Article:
I have a tendency to sometimes buy swords that might turn off most collectors due to issues with condition. This could be a piece that requires extensive cleaning or stablisation, or, in the case of this piece, damage which for some might make the perceived value much lower. This particular sword has a hole in the pommel, likely due to a weakness in the original lost wax casting, which was further exploited by factors like humidity expending organic materials within the hilt. Despite this there were several factors that led me to purchase the sword.
The sword is of a type that is not particularly common, from Laos or northern Thailand, from the area around Vientiane it is also quite old in relative terms for a daab, likely dating from 18th century. This is a heavy duty fighting sword and has obviously seen use, with wear to the handle and also signs of sharpening on the blade. All good indications the sword had an extensive working life. The blade is also particularly thick across the spine with the pronounced V-shaped spine common to this area and period.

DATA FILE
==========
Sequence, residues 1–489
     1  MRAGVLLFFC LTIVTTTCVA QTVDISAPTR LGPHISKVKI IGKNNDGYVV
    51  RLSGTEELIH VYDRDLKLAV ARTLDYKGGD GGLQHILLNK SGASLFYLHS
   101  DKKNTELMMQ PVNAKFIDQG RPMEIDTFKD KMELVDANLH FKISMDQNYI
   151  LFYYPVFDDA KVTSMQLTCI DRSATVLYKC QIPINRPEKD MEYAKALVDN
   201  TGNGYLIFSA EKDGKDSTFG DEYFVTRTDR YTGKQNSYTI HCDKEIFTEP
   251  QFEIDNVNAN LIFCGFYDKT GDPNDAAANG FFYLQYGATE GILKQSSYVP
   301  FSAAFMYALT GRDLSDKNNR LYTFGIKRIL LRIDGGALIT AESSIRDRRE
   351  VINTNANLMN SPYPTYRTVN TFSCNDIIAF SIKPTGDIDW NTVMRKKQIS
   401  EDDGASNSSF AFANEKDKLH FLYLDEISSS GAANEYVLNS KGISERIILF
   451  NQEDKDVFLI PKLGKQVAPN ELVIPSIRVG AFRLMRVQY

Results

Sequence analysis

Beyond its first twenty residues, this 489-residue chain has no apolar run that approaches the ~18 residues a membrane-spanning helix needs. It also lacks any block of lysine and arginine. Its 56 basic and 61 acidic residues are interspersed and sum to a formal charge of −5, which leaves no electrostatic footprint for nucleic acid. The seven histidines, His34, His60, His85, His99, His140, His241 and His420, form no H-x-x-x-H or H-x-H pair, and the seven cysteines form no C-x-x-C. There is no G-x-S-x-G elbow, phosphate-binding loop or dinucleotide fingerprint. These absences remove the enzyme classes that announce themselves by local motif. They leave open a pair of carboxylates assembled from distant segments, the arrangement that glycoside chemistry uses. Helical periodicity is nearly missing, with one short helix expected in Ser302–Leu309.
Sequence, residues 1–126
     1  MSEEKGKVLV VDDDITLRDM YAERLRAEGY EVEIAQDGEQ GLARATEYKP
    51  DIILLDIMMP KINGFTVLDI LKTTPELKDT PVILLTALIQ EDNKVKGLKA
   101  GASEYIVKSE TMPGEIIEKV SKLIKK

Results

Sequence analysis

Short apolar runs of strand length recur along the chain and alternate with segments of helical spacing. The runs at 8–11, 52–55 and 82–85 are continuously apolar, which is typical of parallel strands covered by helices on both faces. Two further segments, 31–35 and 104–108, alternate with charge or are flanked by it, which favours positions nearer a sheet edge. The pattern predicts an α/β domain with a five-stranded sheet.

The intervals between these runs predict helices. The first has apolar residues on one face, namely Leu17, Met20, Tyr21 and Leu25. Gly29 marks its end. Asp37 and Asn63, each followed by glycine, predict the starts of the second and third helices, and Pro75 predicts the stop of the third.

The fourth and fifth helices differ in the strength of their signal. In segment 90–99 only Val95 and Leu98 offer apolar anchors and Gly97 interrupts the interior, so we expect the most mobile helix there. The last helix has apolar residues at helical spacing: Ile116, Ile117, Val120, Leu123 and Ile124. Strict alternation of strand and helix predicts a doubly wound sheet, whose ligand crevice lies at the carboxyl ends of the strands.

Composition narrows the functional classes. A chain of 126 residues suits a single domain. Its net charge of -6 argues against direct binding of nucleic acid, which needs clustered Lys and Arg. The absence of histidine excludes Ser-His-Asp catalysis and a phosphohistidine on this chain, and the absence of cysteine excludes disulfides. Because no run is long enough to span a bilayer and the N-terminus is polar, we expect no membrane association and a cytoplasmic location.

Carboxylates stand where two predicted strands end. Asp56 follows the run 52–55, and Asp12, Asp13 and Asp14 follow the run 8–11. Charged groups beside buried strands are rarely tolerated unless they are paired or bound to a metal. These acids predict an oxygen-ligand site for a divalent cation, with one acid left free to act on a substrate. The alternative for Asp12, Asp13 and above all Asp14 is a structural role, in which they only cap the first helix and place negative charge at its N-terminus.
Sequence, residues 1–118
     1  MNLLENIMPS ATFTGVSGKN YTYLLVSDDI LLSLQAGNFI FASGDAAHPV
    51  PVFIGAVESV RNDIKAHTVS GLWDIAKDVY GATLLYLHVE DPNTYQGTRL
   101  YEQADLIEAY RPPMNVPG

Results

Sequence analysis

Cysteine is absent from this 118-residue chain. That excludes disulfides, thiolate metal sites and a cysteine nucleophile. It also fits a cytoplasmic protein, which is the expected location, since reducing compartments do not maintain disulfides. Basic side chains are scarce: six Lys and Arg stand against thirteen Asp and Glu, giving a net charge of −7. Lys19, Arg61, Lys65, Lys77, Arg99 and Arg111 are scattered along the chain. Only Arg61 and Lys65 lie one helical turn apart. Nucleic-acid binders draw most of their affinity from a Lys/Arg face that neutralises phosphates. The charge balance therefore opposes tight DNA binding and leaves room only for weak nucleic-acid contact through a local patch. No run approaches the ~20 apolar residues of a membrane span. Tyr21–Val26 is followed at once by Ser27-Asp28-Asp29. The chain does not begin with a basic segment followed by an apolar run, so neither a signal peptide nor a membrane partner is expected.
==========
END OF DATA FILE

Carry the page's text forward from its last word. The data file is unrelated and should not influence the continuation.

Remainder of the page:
The fittings are cast brass, although other metals may be present as composite allows are common in the region. The decorative motifs are a beautiful combination of raised and recessed elements.
The blade is in quite good condition for the age, showing delamination and the original finish.
My point is that this sword is clearly of historical significance despite the issue with the pommel, there is little to no corrosion and crucially it displays well without the damage being visible.
I would venture to guess that most collectors, like myself, are not actively swinging their collection around and mainly either store or display their items. In case damage that does not effect the daily display of the sword does not bother me as long as the piece is stable. I realize that many collectors may disagree and find such issues bothersome, but I would argue that the overall historical value of a piece should not be characterised by a cosmetic issue that does not effect showing the overall form, quality and history of the item.